Potential New Rules on Carrying Electronic Devices Aboard Flights

May 30, 2017

in Travel News Updates

  • SumoMe

(Updated 9:00 a.m. PDT Thursdays, June 1, 2017)

Personal Electronics on Flights to and From U.S.

If you’re planning on taking an international flight into or out oft he U.S. in the near future, you had best check the TSA or Department of Homeland Security Websites to find out if you’ll have to stow your laptop in checked luggage.

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The Department of Homeland Security is considering imposing a ban on carrying laptops aboard all flights in to and out of the U.S., extending a similar ban which has applied flights from ten airports in the Middle East since March (and which actually applies to any electronic device larger than a smartphone, including tablets and e-readers.)

Passengers, particularly business travelers, would obviously not be happy about being denied access to their electronic devices during long-haul flights. And if an airliner did not have seat-back video screens installed because the plane’s entertainment system was designed to connect to passengers’ devices, travelers would be limited to watching films and TV programs on the small screens of smartphones.

Those who carry all of their belongings on-board to avoid bag fees and potential misplacement or loss of their luggage, or to allow them to bypass bag claim areas and make a “get away” from the airport, wouldn’t been keen on the proposed ban, either.

European officials have previously expressed concern that stowing a large number of electronic devices powered by lithium ion batteries in an airplane’s cargo could pose the risk of a devastating in-flight fire.

Carrying Aboard Electronics on U.S. Domestic Flights

One of the benefits of carrying a tablet instead of laptop aboard a flight is that the smaller device is likely to fit better on an airliner’s tray table. More importantly, up until now, tablets could be left in carry-on bags although laptops had to be removed and put in a separate bin for screening at TSA checkpoints at U.S. airports.

But when I took a recent flight from Portland, Oregon to Phoenix, I discovered that TSA was requiring passengers, including myself, to remove all electronics larger than a smartphone from carry-on bags. Inexplicably, when I flew back to Portland from Phoenix a week later I was allowed to leave my iPad in my carry-on bag.

I initially thought that I hadn’t been required to remove my iPad at the Phoenix airport because I had a TSA PreCheck boarding pass for the Phoenix-to-Portland leg of my trip, but had to do so in Portland where I hadn’t such a boarding pass.

But after arriving home, I went to the TSA Website to look for an explanation why I had to remove my iPad from my carry-on bag at Portland, but not at Phoenix, since I was aware that in the past TSA had clearly stated that electronic devices smaller than laptops could remain in carry-on bags during screening.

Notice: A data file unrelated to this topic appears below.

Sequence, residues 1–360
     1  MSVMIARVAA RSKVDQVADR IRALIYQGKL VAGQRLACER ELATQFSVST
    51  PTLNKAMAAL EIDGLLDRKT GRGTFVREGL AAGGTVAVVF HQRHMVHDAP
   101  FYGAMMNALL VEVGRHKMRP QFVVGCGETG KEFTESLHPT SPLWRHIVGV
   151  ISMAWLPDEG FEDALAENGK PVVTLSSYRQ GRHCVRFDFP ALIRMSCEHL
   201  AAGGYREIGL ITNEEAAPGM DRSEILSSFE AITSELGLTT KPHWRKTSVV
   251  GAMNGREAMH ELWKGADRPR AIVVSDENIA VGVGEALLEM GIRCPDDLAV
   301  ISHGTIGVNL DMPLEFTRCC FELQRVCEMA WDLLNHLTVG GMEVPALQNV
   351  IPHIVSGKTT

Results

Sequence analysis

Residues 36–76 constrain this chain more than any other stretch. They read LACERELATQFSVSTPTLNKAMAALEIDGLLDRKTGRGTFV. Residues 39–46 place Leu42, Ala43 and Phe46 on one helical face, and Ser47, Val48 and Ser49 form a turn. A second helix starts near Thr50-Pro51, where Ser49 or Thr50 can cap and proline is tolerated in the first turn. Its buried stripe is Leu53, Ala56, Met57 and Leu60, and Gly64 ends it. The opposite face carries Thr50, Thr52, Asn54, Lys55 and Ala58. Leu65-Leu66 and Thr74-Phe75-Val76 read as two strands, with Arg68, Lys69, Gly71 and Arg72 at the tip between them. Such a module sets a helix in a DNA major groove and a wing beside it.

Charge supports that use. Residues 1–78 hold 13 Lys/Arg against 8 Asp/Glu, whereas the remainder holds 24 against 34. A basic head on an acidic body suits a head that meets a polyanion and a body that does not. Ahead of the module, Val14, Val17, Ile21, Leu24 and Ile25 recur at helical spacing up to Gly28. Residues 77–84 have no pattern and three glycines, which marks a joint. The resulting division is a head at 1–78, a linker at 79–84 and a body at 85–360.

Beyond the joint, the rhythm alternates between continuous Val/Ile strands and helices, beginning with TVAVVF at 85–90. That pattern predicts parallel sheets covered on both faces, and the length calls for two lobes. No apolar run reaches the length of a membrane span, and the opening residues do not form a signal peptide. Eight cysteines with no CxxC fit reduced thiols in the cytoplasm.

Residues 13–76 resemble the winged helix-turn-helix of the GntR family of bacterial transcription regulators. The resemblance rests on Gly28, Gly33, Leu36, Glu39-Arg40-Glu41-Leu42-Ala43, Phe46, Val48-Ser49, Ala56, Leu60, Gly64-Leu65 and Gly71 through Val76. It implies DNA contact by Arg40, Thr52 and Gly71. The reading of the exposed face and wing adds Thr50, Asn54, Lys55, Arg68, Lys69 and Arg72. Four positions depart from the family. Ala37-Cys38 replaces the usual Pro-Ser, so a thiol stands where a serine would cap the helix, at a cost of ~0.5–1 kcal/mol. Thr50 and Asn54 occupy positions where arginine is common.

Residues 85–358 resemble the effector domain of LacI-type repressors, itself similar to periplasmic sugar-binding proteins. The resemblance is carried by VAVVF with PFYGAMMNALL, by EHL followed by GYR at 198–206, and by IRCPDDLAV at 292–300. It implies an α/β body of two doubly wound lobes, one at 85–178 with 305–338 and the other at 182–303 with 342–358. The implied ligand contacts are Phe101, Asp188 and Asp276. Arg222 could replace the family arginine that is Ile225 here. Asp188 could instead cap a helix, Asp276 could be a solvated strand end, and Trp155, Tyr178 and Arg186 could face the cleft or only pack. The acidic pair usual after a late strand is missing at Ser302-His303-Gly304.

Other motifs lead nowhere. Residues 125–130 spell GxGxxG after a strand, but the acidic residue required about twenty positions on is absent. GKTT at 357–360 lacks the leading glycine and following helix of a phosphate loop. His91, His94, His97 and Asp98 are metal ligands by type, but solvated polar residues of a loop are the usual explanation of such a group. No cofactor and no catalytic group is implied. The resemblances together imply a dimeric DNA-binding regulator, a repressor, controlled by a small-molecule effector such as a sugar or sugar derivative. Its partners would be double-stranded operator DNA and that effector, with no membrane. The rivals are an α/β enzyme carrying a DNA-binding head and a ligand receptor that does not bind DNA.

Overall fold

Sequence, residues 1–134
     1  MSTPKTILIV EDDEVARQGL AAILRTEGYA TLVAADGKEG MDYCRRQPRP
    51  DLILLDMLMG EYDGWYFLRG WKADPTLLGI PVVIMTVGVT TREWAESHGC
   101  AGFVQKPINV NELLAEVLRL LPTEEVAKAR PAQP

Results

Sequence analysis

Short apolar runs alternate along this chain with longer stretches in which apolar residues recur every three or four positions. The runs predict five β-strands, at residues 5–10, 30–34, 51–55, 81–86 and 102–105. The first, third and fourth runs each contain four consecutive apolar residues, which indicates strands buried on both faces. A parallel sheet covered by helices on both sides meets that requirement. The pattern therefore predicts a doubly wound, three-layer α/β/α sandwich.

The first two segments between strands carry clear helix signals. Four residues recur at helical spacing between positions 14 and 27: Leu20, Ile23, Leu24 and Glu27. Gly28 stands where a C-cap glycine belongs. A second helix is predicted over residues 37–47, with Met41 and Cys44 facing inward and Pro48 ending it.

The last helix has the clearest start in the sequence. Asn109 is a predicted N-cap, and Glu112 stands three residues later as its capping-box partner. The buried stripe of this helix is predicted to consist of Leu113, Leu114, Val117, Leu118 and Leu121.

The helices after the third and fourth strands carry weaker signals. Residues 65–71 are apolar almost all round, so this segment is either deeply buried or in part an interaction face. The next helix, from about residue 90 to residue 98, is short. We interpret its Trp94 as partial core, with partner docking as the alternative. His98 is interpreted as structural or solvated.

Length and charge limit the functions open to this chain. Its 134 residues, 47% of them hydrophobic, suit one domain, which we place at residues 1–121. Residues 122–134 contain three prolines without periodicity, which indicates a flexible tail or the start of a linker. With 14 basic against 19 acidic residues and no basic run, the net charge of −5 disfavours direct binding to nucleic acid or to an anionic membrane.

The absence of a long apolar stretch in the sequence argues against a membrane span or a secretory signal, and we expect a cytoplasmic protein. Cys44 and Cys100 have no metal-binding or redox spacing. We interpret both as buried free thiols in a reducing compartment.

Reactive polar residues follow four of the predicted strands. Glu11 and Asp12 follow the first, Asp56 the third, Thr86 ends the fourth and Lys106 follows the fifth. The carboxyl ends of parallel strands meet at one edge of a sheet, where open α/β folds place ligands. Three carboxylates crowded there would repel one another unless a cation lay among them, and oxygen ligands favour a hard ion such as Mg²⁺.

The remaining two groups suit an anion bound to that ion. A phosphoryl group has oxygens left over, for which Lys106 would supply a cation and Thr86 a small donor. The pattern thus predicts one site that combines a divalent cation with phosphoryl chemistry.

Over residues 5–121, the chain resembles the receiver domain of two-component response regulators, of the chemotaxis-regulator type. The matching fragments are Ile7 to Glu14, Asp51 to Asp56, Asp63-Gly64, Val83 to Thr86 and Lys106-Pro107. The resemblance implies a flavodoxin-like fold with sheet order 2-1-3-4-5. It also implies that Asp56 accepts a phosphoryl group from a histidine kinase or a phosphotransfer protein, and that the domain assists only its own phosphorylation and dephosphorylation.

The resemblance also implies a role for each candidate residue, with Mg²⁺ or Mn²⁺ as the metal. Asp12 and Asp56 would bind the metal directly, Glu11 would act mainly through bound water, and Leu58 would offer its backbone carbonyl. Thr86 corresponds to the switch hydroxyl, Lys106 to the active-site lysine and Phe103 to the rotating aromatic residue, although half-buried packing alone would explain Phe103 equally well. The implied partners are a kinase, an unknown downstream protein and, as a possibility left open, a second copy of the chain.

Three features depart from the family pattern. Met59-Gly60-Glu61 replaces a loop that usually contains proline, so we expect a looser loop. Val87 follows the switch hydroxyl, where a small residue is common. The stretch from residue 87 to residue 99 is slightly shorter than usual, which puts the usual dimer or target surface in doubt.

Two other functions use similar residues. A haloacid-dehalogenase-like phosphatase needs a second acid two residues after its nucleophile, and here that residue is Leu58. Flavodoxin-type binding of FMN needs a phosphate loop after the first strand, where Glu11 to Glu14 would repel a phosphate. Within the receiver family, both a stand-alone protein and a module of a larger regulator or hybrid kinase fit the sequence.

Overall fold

Nothing on the TSA Website addressed my experience, but news reports published shortly after my return from Phoenix said that at ten U.S. airports TSA was testing a requirement that electronic devices larger than a smartphone be removed from carry-on bags.

That report stated that removal of the larger electronic devices would be required in some, but not all of those ten airports (which includes Phoenix). Perhaps TSA staff at Portland International “got the memo,” but didn’t read it carefully, and mistakenly thought they had to require removal of those devices even though that airport was not one of the ten airports listed.

Please Dump Out Your “Other Stuff”

Stories by NBC News, as well as our new outlets, suggest that it won’t be just electronic gizmos that you may have to pull out of your carry-on bag, but perhaps books, food or other items that could make it difficult for TSA screening machines to see inside overstuffed bags as well.

Should you Apply for TSA PreCheck or Global Entry?

At the present time, those with TSA PreCheck status (which TSA can randomly choose to give even to passengers who have not enrolled in the program) usually pass through airport checkpoints more quickly than those without such status, and need not remove shoes, belts or “light outerwear,” pull items such as liquids or laptops out of carry-on luggage, or pass through the enhanced “body scanners” (which caused me to be subject to a “butt pat down” in Portland because I had forgotten to remove my handkerchief and comb from a rear pants pocket).

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It is unclear whether passengers who have been approved under the TSA PreCheck or the Global Entry, NEXUS, or SENTRI programs will be subject to whatever new rules might be imposed regarding what must be placed in checked luggage, or removed from carry-on luggage when passing through airport security checkpoints, before boarding international flights into or out, or domestic flights within, the U.S.

But it’s my guess that they may not, so having a “Trusted Traveler Number” under one of those programs may well prove to be worth the time and money expended to enroll in one.

(June 1, 2017 update: Several news sources indicate that the U.S. Department of Homeland Security has decided not to announce a final decision on extending the existing ban on carry large electronic devices on-board to flights into and out of the U.S. from additional airports including those in Europe.)

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